The goal of this paper is to analyze the long term dynamics of the Eurozone with the emphasis on the “North” and “South” differences. It is today generally recognized that the growing real divergencies (i.e. the diverging competitiveness) between the “Southern” (Greece, Italy, Spain and Portugal) and “Northern” (Germany, Austria, Finland, Netherlands, Luxembourg, Belgium and France, recently joined by Ireland) Eurozone members are at the root of the recent crisis and the current growth restoration difficulties. The discussion in this paper looks historically at the dynamics (i.e. the convergence vs. divergence) of both nominal, i.e. the Maastricht criteria, and real variables. Moreover, the recently emerging concept of a “structural convergence” is critically evaluated.

The nominal convergence is the key to the functioning of a monetary union. It determines the effectiveness of monetary policy, especially in the organization like EMU (Eurozone), where the monetary centralization operates in the environment of decentralized fiscal structures, limited fiscal transfers between the participating entities (independent states) and a very limited labor mobility. In such an environment, the diverging trends among the participating entities (states) are unlikely to be compensated for by induced factor movements and/or structural changes (not to mention fiscal transfers etc.), as happens in the similar dynamics within the centralized political entities (individual states).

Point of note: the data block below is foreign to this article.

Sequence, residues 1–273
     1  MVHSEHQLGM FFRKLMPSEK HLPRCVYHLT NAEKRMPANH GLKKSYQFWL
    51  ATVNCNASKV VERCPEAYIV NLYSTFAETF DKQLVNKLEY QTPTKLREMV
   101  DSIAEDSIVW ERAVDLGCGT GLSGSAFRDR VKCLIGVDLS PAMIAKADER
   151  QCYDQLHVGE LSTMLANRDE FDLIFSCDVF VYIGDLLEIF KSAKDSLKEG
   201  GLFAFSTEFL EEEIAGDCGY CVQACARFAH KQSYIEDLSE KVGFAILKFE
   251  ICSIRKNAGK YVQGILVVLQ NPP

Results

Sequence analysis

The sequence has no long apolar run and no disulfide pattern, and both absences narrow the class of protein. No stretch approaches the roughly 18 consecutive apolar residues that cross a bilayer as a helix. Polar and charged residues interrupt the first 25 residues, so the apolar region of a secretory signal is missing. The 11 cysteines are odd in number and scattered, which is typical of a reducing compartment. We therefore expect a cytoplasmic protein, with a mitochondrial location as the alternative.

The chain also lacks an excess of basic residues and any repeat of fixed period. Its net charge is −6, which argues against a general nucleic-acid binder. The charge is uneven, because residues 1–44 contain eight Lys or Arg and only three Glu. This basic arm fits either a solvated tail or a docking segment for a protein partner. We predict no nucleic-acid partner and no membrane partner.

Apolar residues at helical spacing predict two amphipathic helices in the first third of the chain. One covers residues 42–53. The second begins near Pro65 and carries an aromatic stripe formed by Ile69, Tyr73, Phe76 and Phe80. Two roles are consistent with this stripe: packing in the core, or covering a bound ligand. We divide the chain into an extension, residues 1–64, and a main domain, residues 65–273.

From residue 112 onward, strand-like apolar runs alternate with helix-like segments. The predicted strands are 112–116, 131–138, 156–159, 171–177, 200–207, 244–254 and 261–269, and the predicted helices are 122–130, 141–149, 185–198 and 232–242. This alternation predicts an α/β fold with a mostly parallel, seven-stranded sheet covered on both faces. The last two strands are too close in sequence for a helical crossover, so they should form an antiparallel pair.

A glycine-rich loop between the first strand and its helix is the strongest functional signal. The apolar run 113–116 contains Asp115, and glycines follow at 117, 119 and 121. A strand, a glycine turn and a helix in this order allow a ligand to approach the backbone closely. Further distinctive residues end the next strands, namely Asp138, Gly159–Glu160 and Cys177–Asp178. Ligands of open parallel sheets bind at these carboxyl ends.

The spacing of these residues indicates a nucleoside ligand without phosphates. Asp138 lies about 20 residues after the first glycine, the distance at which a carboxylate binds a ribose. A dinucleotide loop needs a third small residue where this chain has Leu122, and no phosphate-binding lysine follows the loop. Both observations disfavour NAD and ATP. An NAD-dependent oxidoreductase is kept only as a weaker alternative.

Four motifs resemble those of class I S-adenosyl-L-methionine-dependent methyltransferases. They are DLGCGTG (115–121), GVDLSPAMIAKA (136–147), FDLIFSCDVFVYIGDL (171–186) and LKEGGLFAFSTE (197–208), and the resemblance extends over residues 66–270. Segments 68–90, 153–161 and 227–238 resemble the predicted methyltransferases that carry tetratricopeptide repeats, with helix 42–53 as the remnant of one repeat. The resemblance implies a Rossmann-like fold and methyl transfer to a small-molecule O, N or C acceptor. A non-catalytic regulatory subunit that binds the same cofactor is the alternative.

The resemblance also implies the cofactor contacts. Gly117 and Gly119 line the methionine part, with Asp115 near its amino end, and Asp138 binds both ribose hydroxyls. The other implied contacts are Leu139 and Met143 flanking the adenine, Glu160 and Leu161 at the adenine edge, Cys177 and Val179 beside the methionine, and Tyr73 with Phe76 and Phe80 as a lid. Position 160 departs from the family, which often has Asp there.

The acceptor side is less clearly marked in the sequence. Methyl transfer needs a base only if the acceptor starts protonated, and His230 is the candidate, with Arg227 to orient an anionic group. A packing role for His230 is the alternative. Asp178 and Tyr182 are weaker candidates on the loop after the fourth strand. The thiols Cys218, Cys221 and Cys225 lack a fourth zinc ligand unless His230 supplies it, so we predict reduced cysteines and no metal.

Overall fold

The real convergence is crucial for the political and social stability, which in turn determines the degree of commitment to the preservation of the common endeavor, i.e. the EU itself.